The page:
In HMRC v Coinstar Limited [2017] UKUT 256 (TCC), the UT held that services which consisted of exchanging coins for more convenient vouchers were exempt under item 1, Group 5, Schedule 9, Value Added Tax Act 1994 (VATA).


Coinstar Limited (Coinstar) operates around 2,000 self-service coin kiosks in major supermarkets throughout the UK. Customers deposit loose coins in the machines in exchange for either a cash voucher or to make a donation to charity. The display screen indicates to the customer that the cash voucher option is subject to a service fee. If the cash voucher option is selected, Coinstar charges a 9.9% commission fee. 

The kiosk contains sensors which detect the number of valid UK coins that have been inserted. This information is shown to the customer on the display screen. If the customer opts to receive a cash voucher, it is printed for the face value of the coins less the service fee. The voucher can then be redeemed at the supermarket’s cashier for cash, or used as part payment for the customer’s supermarket shopping.

In 2000, HMRC advised Coinstar that where a voucher was issued it considered the supplies made by Coinstar to be exempt from VAT under item 1, Group 5, Schedule 9, VATA. This view was confirmed later in 2001, although HMRC added that where vouchers were used to pay for goods there could be a taxable supply within paragraph 5, Schedule 6, VATA.

Since Coinstar had no way of knowing whether the customer would redeem the voucher for cash or goods, it took the pragmatic approach to exempt the whole commission. However, following a VAT inspection, in July 2015 HMRC changed its position and advised that the commission fee supplies were not exempt. Coinstar appealed this decision to the FTT.

The FTT allowed Coinstar’s appeal and held that there was a single exempt overarching service of exchanging coins for a voucher and that was a VAT exempt transaction in securities for money within item 1, Group 5, Schedule 9, VATA.

HMRC appealed to the UT.

UT’s decision

HMRC’s appeal was dismissed.

Although it was common ground between the parties that the FTT had correctly concluded that Coinstar made a single overarching taxable supply, HMRC argued before the UT that the FTT had failed to consider the contractual analysis in its decision and the agreement was for a coin counting service. HMRC also argued that the FTT had incorrectly concluded that the transaction fell within the terms of the finance exemption.

With regard to the contractual arrangements, the UT confirmed that it was clear from the FTT’s decision that it had had the contract firmly in mind and that the customer’s election to take vouchers or donate to charity demonstrated that the customer was contracting with Coinstar to receive vouchers in consideration for payment rather than a coin counting service.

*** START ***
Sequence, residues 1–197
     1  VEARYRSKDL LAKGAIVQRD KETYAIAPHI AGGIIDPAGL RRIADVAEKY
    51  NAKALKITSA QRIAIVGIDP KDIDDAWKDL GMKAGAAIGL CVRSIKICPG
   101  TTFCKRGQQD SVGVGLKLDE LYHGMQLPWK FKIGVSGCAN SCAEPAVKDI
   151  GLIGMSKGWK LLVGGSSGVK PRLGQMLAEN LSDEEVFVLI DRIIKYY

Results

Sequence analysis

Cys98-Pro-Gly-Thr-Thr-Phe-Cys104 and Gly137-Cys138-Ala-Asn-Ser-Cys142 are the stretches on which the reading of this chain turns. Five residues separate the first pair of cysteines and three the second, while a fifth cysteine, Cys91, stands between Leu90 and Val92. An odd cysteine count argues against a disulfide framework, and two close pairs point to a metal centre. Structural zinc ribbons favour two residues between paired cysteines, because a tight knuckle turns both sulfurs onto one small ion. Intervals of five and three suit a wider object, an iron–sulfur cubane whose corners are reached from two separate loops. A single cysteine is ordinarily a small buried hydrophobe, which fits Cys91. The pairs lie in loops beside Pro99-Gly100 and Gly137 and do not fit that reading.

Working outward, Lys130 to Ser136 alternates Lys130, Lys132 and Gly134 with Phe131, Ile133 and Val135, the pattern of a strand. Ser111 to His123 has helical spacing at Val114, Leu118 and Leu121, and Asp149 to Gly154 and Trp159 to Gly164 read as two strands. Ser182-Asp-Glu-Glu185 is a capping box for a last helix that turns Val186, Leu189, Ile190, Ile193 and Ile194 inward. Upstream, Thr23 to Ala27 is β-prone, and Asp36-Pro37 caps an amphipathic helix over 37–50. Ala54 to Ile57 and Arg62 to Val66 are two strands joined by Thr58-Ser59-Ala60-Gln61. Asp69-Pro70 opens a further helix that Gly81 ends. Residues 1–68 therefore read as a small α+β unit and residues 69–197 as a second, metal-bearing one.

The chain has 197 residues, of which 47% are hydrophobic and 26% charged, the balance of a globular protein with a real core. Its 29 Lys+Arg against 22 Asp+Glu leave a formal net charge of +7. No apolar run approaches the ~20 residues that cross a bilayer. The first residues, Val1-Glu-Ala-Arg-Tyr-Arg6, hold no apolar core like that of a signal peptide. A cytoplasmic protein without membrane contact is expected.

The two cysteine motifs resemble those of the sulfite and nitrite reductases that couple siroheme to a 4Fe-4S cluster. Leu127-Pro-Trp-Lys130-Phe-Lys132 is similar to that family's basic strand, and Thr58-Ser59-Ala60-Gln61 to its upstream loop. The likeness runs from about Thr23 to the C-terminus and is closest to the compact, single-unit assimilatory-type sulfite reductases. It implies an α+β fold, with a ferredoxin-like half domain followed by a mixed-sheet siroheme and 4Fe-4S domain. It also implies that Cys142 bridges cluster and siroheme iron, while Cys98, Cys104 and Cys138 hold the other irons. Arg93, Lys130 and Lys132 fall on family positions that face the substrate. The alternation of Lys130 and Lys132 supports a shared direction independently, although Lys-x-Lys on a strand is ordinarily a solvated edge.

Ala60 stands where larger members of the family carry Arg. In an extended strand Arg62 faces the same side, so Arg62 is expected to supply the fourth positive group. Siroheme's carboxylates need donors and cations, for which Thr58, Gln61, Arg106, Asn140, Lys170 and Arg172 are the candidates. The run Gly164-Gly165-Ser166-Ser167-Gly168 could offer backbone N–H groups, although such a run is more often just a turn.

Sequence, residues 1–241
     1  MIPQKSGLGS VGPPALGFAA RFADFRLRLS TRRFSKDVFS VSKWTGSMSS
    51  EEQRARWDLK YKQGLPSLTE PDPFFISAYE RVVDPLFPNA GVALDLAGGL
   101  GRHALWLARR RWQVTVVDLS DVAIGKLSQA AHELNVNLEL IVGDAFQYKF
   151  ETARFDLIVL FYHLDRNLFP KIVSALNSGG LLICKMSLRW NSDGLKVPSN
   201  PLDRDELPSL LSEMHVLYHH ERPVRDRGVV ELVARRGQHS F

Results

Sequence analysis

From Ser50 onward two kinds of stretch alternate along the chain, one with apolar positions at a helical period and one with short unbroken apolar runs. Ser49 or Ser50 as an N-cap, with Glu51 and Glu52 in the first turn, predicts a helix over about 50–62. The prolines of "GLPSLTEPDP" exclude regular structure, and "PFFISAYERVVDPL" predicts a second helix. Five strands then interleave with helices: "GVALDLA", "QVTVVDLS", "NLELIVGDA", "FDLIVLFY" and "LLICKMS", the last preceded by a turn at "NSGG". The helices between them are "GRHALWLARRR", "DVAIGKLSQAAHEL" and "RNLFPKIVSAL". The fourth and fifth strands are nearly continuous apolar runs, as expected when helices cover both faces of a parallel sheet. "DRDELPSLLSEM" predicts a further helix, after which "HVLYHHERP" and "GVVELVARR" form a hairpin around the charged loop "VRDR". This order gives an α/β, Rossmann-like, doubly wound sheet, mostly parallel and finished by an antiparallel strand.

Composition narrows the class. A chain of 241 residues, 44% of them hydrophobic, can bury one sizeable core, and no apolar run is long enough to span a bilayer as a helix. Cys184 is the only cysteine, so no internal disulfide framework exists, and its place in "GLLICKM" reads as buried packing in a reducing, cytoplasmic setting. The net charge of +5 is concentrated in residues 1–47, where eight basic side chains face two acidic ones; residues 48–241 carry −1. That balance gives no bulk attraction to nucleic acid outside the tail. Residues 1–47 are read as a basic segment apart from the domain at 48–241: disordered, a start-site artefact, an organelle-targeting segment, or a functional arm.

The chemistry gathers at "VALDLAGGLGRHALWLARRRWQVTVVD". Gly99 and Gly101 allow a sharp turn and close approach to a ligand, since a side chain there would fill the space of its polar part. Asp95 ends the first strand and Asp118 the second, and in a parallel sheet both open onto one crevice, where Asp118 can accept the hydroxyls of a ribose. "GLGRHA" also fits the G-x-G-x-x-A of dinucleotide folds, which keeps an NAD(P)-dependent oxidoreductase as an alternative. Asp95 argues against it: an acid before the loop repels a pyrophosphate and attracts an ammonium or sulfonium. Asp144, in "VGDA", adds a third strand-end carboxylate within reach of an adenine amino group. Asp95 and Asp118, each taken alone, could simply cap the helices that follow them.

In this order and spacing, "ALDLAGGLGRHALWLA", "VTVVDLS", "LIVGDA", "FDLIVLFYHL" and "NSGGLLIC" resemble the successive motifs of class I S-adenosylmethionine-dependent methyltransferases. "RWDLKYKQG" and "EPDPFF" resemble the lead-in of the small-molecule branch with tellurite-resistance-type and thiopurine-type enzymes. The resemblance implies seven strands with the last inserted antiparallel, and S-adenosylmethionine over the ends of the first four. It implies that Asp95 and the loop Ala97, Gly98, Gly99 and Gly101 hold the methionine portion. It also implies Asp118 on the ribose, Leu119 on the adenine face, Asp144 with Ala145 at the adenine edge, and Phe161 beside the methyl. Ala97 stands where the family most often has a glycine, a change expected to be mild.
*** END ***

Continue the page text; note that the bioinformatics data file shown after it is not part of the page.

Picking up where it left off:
The UT held that, as a matter of economic reality, the transaction was not simply limited to coin counting. The 9.9% fee was consistent with that analysis. As the FTT correctly observed, the kiosk did not return the coins and a customer would not pay 9.9% of the value of the coins just to have them counted and returned. The mere fact that the service provided by Coinstar included the counting of coins did not mean that the overarching supply was one of coin counting.

The UT dismissed HMRC’s argument that the FTT had mis-characterised the supply. It agreed with the FTT’s analysis that the coin counting aspect was merely the necessary pre-condition to the issue of the voucher (which was the main aim of the transaction). It was clear to the UT that in this case the typical customer was seeking to exchange inconvenient loose change for a more convenient voucher and that the counting of the change was necessary to ensure that a voucher in the correct amount was issued. 

HMRC also sought to challenge the FTT’s conclusion that there was no relevant difference between Coinstar’s transaction and a foreign exchange transaction. The UT said that the FTT was entitled to reach this view. There was no material difference between exchanging one currency for another and exchanging one form of Sterling (coins) for another form of Sterling (vouchers).

Finally, the UT rejected HMRC’s view that the VAT finance exemption was restricted to situations where the tax base was difficult to determine. That was clearly not the intention of the CJEU in Velvet & Steel Immobilien und Handels GmbH (C-455/05). If that were so, all financial services supplied in consideration for an identifiable fee would fall outside the exemption. The UT derived support for its view from Skandinaviska Enskilda Banken AB Momsgrupp v Skatteverket (C-540/09) where the CJEU applied the VAT finance exemption even though there was no difficulty in determining the tax base and despite referring to Velvet & Steel.


The UT confirmed that the FTT had been correct in concluding that the economic reality was that the arrangement was one for obtaining vouchers and the level of commission charged meant that the supply went beyond just a coin counting service and was a single supply of exchanging coins for a more convenient payment format in the form of vouchers. Nothing in the VAT Directive prevents the scope of the exemption from applying to a service consisting of exchanging Sterling in one denomination for Sterling in another.

A copy of the decision is available to view here.